Rather than delay the decision to give time for OSAC to learn more and take a field trip to the property, the committee voted 6 to 4 in favor of Clear Channel at 11 pm. Those who voted to deny were Dan Kimball of Wheat Ridge, Kevin Burke of Genesee, Teri Topolnicki of Littleton and alternate Jan Wilkins of Mt. Vernon. Approval was provided by Johnson of Conifer, Ken Morfit of Westminster, Don Eikner of Littleton, John Litz of Lakewood, newly appointed Richard Walter of Arvada and Planning Director Richard Turner.

Full OSAC attendance prevented a NO vote by alternate Wayne Forman of Genesee. Burke and Forman saw the proposal as self serving for Clear Channel and a burden for open space. They especially objected to the permanent construction easement as a dangerous precedent. ‘The erosion problem would not exist without the construction,’ Burke said.

Planned Development zoning does not automatically allow adverse effects on neighboring properties. Jefferson County, Denver and Golden have the power to remove land use that harms their adjacent property. The assessed value of the tower site is $50,102 which provides $896 in real estate taxes.

Background

The initial tower was built in 1966. The first Windy Saddle Park acquisition of 321.6 acres, north and east of the tower, was acquired in 1981 from heirs of former County Commissioner Jack Browne. It was rezoned to Planned Development by County Commissioners Clement, Ferdinandsen and Stanbro for Doubleday Broadcasting in 1983. Ownership changes shifted to Clear Channel with acquisition of Jacor in 1998.

After confirming CARE engineer measurements on Open Space land in 1998, the FCC required the existing transmitter to operate at 39% capacity to comply with public radiation limits in 1999. Clear Channel influence of JeffCo staff began with former County Administrator Ron Holliday who approved a temporary plastic fence around the ‘hot spots’ without public notice. The Grand Prize for Broadcaster Arrogance goes to a CCC-Texas friend of Holliday’s who believes broadcasters built the Lariat Trail.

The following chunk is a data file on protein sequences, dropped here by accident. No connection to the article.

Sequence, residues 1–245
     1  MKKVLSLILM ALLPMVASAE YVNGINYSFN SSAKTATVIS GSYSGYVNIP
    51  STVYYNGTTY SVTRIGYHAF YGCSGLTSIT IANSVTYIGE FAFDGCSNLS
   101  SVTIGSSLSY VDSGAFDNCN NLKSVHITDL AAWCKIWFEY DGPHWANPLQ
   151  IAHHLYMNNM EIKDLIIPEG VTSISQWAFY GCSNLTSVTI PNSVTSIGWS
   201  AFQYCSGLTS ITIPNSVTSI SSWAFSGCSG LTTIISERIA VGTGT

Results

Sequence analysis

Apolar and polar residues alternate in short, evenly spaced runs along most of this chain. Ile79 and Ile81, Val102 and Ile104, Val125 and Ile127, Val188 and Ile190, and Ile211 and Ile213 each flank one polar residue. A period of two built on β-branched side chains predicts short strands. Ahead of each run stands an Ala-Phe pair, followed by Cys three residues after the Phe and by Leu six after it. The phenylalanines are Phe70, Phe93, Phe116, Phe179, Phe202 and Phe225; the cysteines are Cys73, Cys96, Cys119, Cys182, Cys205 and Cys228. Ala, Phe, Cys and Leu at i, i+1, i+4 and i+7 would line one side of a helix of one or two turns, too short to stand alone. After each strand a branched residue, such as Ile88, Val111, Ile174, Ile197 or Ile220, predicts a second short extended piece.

The ‘monopolistic, multimedia empire’ (Westword), ‘King Kong’ (Denver Post), Clear Channel is being investigated by the FCC and Justice Department for ‘tower abuse’ of neighboring properties in Ohio, Fort Collins and California and anti-trust control of performers and the rock concert industry.

Denver CCC disc jockeys were recently cited for dropping a chicken from a 10-story office building and promoting a ‘mudfest’ that damaged wetlands near Boulder. Investigations have uncovered performing artists ‘bullied’ by Clear Channel Entertainment to contract concerts only with them. Artists who chose competitors are said to be blacklisted on Clear Channel’s 1,200 radio stations in the U. S., including eight in Colorado.

According to Westword (8/23/01) ‘Taking on the EMPIRE,’ Clear Channel also owns hundreds more radio stations in 45 countries, 19 television stations, over 700,000 billboards and related advertising forums. CCE books 26,000 events annually.

CCE controls over 80% of concert bookings at Red Rocks Park, Fiddler’s Green, Pepsi Center, CityLights Pavilion, Fillmore Auditorium, Paramount Theatre, Magness Arena and FOX Theatre in Boulder. The company expects to acquire national concert competitor House of Blues.

According to Westword, ‘The company has also earned a reputation for ruthlessness and ethically debatable activities that raise eyebrows and hackles, even among industry veterans who thought they’d seen it all.’

Clear Channel was pioneered by Lowry Mays, a personal Texas friend of ex-president George Bush. Mays turned the company over to his two sons in the 1990s.

‘The Grand Prize for Broadcaster Arrogance goes to a CCC-Texas friend of Holliday’s who believes that broadcasters built the Lariat Trail.’